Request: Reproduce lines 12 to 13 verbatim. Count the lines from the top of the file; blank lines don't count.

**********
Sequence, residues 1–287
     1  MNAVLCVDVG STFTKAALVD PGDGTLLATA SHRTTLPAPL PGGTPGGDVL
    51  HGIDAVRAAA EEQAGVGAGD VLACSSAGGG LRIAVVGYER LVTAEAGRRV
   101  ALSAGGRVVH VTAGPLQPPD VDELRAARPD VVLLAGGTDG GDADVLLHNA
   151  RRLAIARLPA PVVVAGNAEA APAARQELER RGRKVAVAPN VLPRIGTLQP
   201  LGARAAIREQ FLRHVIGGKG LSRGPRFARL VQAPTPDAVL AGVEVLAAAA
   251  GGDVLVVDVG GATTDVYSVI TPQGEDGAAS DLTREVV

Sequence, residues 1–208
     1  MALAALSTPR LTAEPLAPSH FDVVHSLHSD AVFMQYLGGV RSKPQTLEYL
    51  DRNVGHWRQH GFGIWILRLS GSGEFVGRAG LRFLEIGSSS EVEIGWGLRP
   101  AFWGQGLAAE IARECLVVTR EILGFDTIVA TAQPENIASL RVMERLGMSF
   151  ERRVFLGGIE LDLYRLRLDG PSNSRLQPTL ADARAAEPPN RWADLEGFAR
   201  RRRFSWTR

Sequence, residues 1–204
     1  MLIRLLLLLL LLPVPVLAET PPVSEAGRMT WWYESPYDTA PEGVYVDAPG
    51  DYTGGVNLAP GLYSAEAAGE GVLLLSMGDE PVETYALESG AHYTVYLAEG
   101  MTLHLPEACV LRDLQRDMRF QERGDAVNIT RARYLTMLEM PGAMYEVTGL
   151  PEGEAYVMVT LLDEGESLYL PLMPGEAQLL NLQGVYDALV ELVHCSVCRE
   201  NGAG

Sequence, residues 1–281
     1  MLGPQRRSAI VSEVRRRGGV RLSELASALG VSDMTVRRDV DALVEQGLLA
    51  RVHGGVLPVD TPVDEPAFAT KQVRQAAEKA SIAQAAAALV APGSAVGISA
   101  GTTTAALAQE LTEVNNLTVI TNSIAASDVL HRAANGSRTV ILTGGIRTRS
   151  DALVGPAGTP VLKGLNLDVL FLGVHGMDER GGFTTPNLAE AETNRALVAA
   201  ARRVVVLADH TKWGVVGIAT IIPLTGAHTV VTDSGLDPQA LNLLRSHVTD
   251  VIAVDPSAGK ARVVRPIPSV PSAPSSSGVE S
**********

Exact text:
   151  ERRVFLGGIE LDLYRLRLDG PSNSRLQPTL ADARAAEPPN RWADLEGFAR
   201  RRRFSWTR